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The Gun That Killed Billy The Kid Is Going Up For Auction. Starting Bid: $2 Million

Pat Garrett's Colt single action army revolver was used to gun down Billy the Kid.
Pat Garrett's Colt single action army revolver was used to gun down Billy the Kid.

A revolver that killed one of the most famous wanted men in the Wild West 140 years ago is slated to be offered for millions of dollars next month.

Prior to his killing, a judge is said to have sentenced famed outlaw Billy the Kid to hang until "you are dead, dead, dead." Billy was rumored to respond, "And you can go to hell, hell, hell."

Legends like these — some facts and others fiction — chronicling the Kid's life have persisted more than 100 years after his death. And they've kept history buffs captivated by Billy the Kid's tale. They have also driven interest in pieces of Wild West history, for which collectors are prepared to pay hefty prices. In 2008, for instance, Bonham sold Billy's gun for $64,350.

Billy the Kid, a gunslinger often said to have killed eight men, had been on the run for three months when Sheriff Pat Garrett hid in a dark bedroom and shot him in the chest on July 14, 1881, in Fort Sumner, N.M., according to Garrett's account. The single action revolver Garrett used will be offered at Bonhams auction house, which estimates it could go for $2 million to $3 million. Garrett had taken the gun from another member of the Kid's gang, Billy Wilson, after he arrested him.

"It was in the hands of both the law man and the outlaw at various times," Bonhams senior specialist Catherine Williamson told NPR.

Pat Garrett signed a book contract in 1881 for publication of <em>The Authentic Life of Billy, the Kid</em>.
/ Bonhams
Pat Garrett signed a book contract in 1881 for publication of The Authentic Life of Billy, the Kid.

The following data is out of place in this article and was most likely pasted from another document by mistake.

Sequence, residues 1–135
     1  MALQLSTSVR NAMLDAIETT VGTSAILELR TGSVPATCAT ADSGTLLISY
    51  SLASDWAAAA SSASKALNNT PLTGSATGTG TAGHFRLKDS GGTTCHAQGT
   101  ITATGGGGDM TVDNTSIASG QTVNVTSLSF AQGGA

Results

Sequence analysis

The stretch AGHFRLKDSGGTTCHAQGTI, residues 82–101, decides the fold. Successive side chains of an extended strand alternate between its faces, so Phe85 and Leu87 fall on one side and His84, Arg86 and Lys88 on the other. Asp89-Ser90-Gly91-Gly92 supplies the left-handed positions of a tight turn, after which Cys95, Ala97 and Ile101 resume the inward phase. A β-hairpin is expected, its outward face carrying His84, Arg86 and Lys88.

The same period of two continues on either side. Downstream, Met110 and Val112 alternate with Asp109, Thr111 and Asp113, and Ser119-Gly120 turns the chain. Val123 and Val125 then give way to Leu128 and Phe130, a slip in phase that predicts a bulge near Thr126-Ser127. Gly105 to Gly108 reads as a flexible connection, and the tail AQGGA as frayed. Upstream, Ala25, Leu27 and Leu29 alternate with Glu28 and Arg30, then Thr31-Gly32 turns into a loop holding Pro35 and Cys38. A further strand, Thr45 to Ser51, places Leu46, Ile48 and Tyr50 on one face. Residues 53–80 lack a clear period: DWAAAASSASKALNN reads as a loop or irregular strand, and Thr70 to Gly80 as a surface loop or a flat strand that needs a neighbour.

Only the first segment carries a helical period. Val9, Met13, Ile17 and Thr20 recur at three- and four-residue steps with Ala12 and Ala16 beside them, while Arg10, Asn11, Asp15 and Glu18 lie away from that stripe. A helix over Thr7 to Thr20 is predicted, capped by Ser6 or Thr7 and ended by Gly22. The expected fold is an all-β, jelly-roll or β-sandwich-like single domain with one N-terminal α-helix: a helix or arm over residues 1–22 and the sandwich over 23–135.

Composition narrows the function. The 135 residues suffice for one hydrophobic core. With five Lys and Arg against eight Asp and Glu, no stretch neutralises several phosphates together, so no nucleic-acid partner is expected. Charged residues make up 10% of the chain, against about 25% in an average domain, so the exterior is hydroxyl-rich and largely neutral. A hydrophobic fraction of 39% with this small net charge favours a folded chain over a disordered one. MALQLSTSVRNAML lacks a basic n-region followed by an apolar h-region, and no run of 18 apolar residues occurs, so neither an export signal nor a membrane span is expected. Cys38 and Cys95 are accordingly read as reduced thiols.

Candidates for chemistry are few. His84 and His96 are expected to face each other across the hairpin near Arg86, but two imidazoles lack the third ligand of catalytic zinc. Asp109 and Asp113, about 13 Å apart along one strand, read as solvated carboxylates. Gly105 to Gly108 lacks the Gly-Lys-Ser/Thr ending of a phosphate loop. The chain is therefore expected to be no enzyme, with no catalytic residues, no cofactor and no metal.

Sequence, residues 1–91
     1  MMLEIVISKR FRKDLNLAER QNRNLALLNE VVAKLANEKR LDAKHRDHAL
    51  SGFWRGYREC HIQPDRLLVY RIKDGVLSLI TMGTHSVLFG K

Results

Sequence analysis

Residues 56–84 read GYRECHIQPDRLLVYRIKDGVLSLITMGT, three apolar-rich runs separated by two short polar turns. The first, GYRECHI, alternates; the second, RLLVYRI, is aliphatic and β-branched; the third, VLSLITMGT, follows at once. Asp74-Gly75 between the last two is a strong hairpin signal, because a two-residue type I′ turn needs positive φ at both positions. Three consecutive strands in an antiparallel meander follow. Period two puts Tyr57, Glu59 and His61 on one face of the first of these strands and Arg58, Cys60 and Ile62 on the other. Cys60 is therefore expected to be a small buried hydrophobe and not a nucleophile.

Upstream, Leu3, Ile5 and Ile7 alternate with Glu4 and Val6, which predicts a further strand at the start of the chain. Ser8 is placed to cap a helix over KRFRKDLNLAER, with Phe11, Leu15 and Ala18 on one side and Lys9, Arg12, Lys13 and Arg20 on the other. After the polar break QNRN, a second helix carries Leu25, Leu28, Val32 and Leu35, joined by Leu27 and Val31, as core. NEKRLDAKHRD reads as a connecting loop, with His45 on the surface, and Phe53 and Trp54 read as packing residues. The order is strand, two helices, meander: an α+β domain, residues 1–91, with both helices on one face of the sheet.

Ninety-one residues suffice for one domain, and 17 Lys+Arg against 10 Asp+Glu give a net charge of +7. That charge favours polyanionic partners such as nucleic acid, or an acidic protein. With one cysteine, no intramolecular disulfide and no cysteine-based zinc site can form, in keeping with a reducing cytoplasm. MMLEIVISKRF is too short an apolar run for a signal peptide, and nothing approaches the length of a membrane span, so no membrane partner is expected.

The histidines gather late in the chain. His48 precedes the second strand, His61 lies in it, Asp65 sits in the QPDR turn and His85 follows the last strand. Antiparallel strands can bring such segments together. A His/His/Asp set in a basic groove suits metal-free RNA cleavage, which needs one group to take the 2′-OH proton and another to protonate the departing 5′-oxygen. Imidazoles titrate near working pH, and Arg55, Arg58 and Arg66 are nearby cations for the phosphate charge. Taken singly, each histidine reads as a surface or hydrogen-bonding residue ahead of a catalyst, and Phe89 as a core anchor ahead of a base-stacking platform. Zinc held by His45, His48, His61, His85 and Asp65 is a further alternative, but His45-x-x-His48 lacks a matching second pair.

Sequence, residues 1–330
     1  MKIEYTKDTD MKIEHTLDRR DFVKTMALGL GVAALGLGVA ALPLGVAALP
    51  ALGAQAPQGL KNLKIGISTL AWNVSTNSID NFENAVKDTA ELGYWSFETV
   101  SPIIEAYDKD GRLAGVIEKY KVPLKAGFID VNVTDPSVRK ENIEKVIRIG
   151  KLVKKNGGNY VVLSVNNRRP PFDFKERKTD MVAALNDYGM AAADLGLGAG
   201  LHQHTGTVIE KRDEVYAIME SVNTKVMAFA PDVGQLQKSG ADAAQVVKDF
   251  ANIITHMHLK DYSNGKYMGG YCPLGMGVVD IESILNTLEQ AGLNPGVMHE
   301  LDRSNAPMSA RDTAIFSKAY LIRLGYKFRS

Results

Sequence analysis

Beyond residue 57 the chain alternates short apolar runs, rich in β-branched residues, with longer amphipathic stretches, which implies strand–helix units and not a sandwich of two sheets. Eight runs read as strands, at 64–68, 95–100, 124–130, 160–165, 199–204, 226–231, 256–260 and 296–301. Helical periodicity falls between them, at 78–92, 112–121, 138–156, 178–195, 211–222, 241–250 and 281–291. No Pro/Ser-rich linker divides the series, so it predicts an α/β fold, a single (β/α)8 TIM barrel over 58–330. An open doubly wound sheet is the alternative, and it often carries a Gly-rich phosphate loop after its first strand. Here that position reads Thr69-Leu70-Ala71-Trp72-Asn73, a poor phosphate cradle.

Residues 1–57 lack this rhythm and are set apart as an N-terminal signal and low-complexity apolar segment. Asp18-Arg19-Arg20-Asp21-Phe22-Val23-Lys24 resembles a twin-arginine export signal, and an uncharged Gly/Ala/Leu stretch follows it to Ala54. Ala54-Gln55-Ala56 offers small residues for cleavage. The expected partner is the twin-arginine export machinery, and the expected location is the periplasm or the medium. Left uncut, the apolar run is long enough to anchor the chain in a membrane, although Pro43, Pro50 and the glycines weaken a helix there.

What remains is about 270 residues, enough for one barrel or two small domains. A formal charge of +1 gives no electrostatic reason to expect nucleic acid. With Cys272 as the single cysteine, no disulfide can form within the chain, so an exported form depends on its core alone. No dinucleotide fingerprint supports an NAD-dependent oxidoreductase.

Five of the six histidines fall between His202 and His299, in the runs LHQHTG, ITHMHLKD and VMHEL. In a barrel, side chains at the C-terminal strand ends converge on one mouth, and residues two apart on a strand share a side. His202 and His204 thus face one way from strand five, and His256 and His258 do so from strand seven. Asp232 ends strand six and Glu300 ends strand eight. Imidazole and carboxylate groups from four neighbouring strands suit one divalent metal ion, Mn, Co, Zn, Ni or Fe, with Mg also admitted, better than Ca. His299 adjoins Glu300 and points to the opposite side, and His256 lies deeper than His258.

As one of the era's most notorious figures, the legend's life has frequently been dramatized in American popular culture. Williamson called his story "one of the greatest good versus evil stories of the Old West." A 21-year-old when he died, Henry McCarty, who became known as Billy the Kid, has been depicted as both villain and hero in countless songs, films and books.

The Authentic Life and Death of Billy the Kid, a biography and partly first-hand account written by Garrett, has been criticized for embellishing the truth but is generally acknowledged to be factual.

"[Billy is] sort of this charismatic and funny character that you kind of like to see — a trickster getting one over on the law," Williamson explained. "That kind of character is really compelling to people."

Most retold was his unexpected bond with Garrett — they were ranch hands that shared a friendship before the months-long pursuit, according to Williamson. Even now, the details surrounding Billy's death remain elusive. Some speculate that Garrett never actually killed Billy, but allowed him to escape. Decades later, at least two men were believed by some to be Billy.

On August 27, Bonhams will auction off the gun in Los Angeles, part of Texas couple Jim and Theresa Earle's collection of Western firearms amassed over 50 years.

Williamson predicts that the weapon will be sold to an avid collector for even more than $3 million.

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Dalia Faheid